I acknowledge Neil here today as we acknowledge John McGrath, a former member for Warrnambool, and the dreadful journey his family has had to take, with the tragic death of one of his children and the battle of another child with mental illness. We think about them today, but we also think more broadly about the one in five people who suffers from mental illness. This bill will go a long way to supporting them and ensuring that we have in place an appropriate legal framework to support them through that journey.

In that respect I acknowledge that the ambiguous aspects of gender identity are being addressed by these amendments. Gender identity is not a mental health issue. I had the honour of working as parliamentary secretary to Rob Hulls, a former Attorney-General, on the extraordinary reforms undertaken to end discrimination against these people and I met with many of the people the member for Prahran mentioned. Sally Goldner is one of the most courageous people I have ever met.

The gay, lesbian, bisexual, transgender and intersex community is well served by these amendments.

The members of the transgender community are the bravest people I have ever met. Many of them are going through transition, and we know some of the crime statistics around the abuse the transgender community confronts on a daily basis. It is an extraordinarily brave act that members of this community show us every day when they get out there and proudly say, ‘This is who I am, and I’m going through transition and gender reassignment’. As a Parliament we should stand with them, and we are doing that today. We are saying to transgender people, ‘You do not have mental health issues, and you ought to be respected in this bill’. Along with many colleagues across the Parliament, I deeply respect the bravery of the transgender community.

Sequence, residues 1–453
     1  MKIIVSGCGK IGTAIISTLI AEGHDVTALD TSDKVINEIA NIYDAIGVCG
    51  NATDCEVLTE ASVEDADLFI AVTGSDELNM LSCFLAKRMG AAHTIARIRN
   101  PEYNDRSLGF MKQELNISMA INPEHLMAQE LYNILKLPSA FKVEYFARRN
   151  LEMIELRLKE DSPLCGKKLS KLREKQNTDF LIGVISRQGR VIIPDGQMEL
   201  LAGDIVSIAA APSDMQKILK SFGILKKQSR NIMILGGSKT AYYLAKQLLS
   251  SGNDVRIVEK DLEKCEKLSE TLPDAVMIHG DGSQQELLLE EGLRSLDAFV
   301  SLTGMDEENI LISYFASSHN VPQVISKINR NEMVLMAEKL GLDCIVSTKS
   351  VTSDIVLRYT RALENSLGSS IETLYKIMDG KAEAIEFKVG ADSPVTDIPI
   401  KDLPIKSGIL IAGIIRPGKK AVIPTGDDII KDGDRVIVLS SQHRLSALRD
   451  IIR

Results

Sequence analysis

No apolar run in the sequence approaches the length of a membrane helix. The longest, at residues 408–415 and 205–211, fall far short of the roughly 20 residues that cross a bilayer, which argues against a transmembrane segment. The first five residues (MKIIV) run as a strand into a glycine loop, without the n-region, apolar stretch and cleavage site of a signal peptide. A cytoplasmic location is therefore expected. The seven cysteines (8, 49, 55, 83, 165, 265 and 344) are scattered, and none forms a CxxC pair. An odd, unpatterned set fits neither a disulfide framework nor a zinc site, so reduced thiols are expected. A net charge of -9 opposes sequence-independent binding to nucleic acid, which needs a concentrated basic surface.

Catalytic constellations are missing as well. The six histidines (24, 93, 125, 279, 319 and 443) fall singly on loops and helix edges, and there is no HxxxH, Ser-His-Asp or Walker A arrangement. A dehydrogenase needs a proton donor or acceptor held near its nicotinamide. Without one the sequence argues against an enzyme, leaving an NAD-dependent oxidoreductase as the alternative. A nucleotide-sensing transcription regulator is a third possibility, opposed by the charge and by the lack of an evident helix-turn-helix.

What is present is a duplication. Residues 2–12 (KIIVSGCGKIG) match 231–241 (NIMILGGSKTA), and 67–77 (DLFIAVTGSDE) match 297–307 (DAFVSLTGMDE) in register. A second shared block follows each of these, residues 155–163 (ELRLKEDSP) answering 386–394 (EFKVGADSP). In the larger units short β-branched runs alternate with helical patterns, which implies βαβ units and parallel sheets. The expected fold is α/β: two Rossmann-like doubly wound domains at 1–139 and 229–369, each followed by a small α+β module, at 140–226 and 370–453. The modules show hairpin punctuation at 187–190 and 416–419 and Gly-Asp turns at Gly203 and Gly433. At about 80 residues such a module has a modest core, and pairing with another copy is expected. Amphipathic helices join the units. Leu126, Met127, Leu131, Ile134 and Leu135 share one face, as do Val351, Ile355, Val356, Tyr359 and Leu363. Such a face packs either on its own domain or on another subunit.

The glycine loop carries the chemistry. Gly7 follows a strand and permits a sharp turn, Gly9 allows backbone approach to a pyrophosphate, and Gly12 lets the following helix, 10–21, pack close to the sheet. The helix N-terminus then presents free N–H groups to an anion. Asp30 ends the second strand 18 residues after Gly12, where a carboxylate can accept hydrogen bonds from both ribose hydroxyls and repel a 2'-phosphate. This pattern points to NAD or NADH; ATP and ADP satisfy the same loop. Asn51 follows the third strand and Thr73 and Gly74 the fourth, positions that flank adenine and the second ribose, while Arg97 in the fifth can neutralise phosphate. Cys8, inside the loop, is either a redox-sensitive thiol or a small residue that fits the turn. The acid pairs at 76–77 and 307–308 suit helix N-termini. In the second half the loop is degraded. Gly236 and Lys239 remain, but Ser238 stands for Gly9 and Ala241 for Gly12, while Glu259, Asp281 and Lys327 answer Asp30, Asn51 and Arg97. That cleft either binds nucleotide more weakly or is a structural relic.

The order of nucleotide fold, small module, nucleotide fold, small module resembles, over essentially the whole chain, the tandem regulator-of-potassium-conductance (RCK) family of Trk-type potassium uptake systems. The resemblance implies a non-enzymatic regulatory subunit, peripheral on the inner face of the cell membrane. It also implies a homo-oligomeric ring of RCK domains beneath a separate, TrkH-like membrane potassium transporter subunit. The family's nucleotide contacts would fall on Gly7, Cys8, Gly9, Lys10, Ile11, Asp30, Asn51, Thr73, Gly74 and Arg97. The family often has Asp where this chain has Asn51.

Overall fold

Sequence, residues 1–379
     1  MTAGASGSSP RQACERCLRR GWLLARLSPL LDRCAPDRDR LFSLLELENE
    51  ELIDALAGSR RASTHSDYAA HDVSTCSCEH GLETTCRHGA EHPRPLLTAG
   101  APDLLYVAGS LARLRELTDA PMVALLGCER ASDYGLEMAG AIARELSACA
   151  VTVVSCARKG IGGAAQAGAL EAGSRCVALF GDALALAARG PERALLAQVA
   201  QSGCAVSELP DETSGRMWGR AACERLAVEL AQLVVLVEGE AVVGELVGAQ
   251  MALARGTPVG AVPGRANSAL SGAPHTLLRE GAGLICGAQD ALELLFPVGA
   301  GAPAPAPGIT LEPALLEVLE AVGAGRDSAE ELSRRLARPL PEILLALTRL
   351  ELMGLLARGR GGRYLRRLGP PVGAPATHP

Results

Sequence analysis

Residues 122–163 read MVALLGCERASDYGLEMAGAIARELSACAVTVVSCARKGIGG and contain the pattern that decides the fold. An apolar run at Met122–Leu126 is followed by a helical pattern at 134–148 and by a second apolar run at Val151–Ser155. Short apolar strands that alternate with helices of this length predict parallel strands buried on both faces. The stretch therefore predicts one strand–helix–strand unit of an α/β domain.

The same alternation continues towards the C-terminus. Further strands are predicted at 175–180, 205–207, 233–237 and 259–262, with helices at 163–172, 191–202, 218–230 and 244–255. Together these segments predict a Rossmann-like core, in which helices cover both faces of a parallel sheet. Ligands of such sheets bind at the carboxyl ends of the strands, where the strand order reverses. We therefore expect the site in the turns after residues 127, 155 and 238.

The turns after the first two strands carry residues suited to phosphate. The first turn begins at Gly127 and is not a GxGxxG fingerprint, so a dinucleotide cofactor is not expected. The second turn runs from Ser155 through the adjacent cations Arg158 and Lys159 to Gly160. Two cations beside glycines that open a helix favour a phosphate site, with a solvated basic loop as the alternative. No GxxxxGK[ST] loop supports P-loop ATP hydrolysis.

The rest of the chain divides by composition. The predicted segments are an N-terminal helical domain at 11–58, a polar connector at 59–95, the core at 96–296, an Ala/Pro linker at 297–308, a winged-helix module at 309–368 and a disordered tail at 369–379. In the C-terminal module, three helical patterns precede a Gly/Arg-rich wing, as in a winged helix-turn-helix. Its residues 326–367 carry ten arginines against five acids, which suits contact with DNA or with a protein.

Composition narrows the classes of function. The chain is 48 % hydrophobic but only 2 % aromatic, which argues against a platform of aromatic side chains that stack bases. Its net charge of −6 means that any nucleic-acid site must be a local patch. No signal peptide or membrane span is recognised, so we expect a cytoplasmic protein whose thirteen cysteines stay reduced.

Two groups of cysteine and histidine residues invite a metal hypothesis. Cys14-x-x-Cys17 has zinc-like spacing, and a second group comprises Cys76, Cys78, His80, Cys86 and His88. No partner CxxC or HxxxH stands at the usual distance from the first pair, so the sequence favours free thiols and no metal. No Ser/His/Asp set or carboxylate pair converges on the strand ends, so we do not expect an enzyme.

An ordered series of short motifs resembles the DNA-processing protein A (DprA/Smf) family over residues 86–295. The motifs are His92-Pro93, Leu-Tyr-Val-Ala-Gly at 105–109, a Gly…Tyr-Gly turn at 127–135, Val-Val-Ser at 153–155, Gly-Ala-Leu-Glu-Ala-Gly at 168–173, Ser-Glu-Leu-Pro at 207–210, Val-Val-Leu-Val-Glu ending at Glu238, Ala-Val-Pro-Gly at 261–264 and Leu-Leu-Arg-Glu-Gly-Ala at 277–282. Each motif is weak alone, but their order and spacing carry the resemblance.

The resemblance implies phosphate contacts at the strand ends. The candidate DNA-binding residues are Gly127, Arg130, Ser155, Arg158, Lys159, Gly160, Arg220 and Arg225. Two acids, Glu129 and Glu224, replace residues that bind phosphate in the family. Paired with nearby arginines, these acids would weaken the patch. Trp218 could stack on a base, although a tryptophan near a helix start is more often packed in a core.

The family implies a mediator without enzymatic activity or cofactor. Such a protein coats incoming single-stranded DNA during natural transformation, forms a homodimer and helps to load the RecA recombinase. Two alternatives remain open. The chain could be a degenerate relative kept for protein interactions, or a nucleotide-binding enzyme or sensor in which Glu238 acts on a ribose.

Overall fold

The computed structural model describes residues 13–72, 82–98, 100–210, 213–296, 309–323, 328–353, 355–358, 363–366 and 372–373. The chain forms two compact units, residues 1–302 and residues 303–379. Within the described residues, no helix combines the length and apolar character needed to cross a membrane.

Finally these Council amendments provide for appropriate checks and balances when dealing with ECT and young people. I recall from the briefing that was provided to us that ECT has been used for young people only three or four times in the last 12 months. It is only once, the minister informs me, for a person under the age of 18. Nonetheless, whether it is used once or a number of times, we ought to have appropriate checks, balances and reporting mechanisms in place so that the information comes before the Parliament and we can look at these issues in a bipartisan way and be better informed. ECT is confronting for people, but from the briefing provided by my colleague Mr Jennings to the shadow cabinet and from my own investigations I understand that ECT does have therapeutic outcomes, particularly for people suffering deep psychosis or in a deep depressive state.

It does have some therapeutic outcomes for them. It is part of a broader strategy of therapies that are available to mental health professionals, and it is used in a way that has appropriate checks and balances.

With these amendments, which essentially capture the concerns of the opposition in relation to the use of ECT, reporting mechanisms and the addressing of gender identity issues, this is a better and more robust bill. Ultimately, as the Leader of the Opposition said, this has to be about the people who are suffering from mental illness. It is a better bill as a result of the interventions that have occurred in the upper house and in the debate today. The opposition supports these amendments. I commend the bill to the house.